Unity behind freedom of speech

By | News & Politics
People pay respects by raising pictures of Charle Hebdo editor Stephane Charbonnier (left) and cartoonist Jean Cabut (right). Credit@Laurent TINEviaflickr.com

The international community has demonstrated significant support for the people of France in the wake of recent incidents that appear to have been designed to challenge the freedom of expression that exists within the country. The twelve staff members from the left-wing satirical magazine Charlie Hebdo and several further individuals involved in the separate incidents have galvanized leaders and communities around the world.

In total, seventeen lives were consumed at the hands of three suspects over a three-day period. In the first incident on the 7th February, Said and Cherif Kouachi targeted the offices Charlie Hebdo, claiming offense at the magazine’s willingness to print cartoons depicting the Prophet Muhammad and its satirical approach to religion in general. The pair then led French police on a chase that resulted in a standoff in the commuter town of Dammartin-en-Goele in which neither brother survived.

The next day in Paris, Amedy Coulibaly was responsible for the passing away of a policewoman who was shot. The following day a kosher supermarket in Paris was targeted as Coulibaly ended the lives of 4 hostages and held 15 more captive.

Following the resolution of the events in Paris there was widespread support with a social media campaign “Je Suis Charlie” that quickly gained international momentum. The campaign evolved from just social media to other demonstrations of solidarity, for example: athletes wearing “Je Suis Charlie” t-shirts at sporting events around the world and multiple signs of support by attendees during the Golden Globe awards. The largest declaration of defiance and unity to date was the gathering of up to 1.6 million people on the streets of Paris involving 40 world leaders. Between 3 and 4 million people were reported to have taken part in demonstrations across the whole of France.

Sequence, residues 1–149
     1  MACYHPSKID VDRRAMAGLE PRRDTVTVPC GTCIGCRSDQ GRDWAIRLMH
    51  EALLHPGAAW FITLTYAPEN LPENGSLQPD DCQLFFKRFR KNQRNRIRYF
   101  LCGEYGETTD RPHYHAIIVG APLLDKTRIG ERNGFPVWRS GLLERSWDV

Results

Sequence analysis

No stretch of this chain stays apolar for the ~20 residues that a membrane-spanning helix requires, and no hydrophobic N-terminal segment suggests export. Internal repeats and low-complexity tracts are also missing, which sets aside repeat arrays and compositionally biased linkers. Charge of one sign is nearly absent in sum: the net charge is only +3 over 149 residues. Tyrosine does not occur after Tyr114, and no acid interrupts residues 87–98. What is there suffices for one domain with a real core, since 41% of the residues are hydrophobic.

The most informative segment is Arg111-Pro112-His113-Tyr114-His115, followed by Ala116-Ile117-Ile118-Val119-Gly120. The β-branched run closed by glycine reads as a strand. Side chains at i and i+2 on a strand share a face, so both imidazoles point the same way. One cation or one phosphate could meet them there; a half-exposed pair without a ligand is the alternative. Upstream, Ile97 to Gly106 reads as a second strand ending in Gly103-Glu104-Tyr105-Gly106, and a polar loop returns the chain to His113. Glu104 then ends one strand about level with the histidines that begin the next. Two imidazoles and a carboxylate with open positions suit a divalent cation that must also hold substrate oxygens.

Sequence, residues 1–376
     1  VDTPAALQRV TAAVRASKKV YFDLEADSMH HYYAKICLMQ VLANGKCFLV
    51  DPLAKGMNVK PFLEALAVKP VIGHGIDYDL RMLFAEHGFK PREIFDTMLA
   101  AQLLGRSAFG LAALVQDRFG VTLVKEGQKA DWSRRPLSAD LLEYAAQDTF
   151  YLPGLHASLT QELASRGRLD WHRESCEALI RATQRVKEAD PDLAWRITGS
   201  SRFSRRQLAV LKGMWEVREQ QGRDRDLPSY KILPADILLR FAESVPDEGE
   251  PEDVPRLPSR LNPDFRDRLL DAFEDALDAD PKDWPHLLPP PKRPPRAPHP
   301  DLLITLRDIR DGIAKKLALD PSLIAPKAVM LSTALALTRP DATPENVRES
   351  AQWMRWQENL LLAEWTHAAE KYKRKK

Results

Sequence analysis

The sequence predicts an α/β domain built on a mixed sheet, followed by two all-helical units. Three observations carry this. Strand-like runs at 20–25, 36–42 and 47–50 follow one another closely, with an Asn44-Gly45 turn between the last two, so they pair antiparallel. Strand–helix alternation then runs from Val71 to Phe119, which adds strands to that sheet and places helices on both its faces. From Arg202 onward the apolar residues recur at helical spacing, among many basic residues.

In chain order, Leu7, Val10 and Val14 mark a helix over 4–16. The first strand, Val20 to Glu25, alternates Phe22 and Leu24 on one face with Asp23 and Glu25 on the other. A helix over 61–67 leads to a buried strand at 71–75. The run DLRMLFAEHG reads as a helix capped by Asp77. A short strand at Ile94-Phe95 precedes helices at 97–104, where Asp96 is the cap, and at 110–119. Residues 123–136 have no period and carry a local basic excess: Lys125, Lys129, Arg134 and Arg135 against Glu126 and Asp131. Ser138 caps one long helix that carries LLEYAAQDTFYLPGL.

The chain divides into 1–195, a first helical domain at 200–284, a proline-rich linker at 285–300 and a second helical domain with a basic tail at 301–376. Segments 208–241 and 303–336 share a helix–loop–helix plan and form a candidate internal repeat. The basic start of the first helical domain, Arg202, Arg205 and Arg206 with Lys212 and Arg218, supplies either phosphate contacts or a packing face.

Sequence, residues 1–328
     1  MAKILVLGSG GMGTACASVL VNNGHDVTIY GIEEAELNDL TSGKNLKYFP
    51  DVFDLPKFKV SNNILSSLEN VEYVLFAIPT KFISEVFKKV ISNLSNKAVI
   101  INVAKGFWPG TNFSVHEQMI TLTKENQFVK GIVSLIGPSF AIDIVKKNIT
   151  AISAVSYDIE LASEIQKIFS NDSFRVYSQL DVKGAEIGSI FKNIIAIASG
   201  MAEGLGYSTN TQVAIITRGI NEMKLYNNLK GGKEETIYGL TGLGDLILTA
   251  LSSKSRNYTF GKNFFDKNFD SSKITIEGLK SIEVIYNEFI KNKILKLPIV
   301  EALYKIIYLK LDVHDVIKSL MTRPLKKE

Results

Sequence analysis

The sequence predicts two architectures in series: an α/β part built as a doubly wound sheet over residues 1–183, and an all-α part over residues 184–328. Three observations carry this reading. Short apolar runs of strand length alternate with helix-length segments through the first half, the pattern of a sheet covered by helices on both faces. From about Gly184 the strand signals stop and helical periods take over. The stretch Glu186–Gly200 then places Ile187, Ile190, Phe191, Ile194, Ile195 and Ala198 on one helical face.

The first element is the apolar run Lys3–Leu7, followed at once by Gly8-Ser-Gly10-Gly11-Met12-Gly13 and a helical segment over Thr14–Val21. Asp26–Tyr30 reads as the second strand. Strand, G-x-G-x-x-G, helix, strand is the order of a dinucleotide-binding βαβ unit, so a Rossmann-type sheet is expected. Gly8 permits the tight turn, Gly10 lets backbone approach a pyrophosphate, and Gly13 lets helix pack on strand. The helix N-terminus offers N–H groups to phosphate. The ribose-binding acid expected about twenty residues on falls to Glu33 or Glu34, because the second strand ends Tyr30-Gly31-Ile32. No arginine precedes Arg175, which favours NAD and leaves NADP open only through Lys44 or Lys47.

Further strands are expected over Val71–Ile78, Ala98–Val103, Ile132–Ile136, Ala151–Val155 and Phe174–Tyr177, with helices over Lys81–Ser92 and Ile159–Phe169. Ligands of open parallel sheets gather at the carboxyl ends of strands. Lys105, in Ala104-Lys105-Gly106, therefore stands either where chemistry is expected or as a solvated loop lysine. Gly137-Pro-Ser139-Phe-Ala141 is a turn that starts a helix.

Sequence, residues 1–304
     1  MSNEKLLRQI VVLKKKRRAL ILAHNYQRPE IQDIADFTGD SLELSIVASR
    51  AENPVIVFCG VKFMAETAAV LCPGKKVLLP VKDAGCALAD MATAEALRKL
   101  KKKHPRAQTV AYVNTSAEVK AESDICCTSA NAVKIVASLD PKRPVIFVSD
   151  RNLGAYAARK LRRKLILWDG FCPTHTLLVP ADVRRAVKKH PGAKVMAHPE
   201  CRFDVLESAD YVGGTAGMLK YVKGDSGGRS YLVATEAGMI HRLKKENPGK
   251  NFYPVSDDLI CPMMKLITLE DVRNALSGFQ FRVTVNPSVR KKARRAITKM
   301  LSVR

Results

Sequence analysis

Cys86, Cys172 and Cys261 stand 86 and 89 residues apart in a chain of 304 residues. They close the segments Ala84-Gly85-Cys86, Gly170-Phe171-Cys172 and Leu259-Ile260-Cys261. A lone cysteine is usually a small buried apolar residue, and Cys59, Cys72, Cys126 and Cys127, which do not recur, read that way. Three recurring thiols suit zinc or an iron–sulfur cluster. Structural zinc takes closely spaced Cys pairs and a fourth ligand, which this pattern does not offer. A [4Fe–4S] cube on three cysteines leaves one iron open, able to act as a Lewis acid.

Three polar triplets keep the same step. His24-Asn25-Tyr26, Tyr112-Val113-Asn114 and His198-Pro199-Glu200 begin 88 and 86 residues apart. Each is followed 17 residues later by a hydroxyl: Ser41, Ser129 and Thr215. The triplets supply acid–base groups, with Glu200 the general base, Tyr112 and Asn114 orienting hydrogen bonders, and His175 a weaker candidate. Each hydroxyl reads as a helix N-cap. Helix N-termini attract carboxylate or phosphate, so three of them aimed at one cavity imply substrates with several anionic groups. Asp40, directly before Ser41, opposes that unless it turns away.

France is estimated to have around 4.7 million Muslim citizens; many of North African heritage due to French former colonies in Morocco, Algeria and Tunisia. Imams in Paris called for Muslims to march to show solidarity in the face of extremism. Some have focused on the fact that one of the police officers who passed away was a Muslim as evidence that the individuals inciting the incidents are inaccurately using religion as a reason for their actions.

The challenges faced by Western governments in attempting to prevent events such as these are highlighted by the variety of Islamic extremist groups. Different organisations have differing objectives and backgrounds. In addition, their objectives are often at odds with each other, as it appears is the case between ISIS and Al-Qaeda in Iraq.

Freedom of speech and expression might be strengthened and preserved by all governments in light of the recent events in Paris. It may seem that maintaining these freedoms is the most effective way to demonstrate defiance in the face of actions such as those witnessed between the 7th and the 9th of January.

Charlie Hebdo has become a symbol of the right to freedom of speech and expression. The magazine publishers remain defiant and have published a cover depicting the Prophet Muhammad holding a placard saying, “Je Suis Charlie” and weeping. The international media community may experience some polarization regarding who may be willing to reproduce the image.

The global solidarity shown during yesterday’s marches in Paris was underscored at one point by the presence of Binyamin Netanyahu and Mahmoud Abbas, the leaders of Israel and Palestine respectively, being just four places apart in the front rank of the march. Other leaders who joined Netanyahu and Abbas were French President Francois Hollande, British Prime Minister David Cameron, German Chancellor Angela Merkel and Spanish Prime Minister Mariano Rajoy.

How might the events in Paris strengthen freedom of speech within journalism?

 

 

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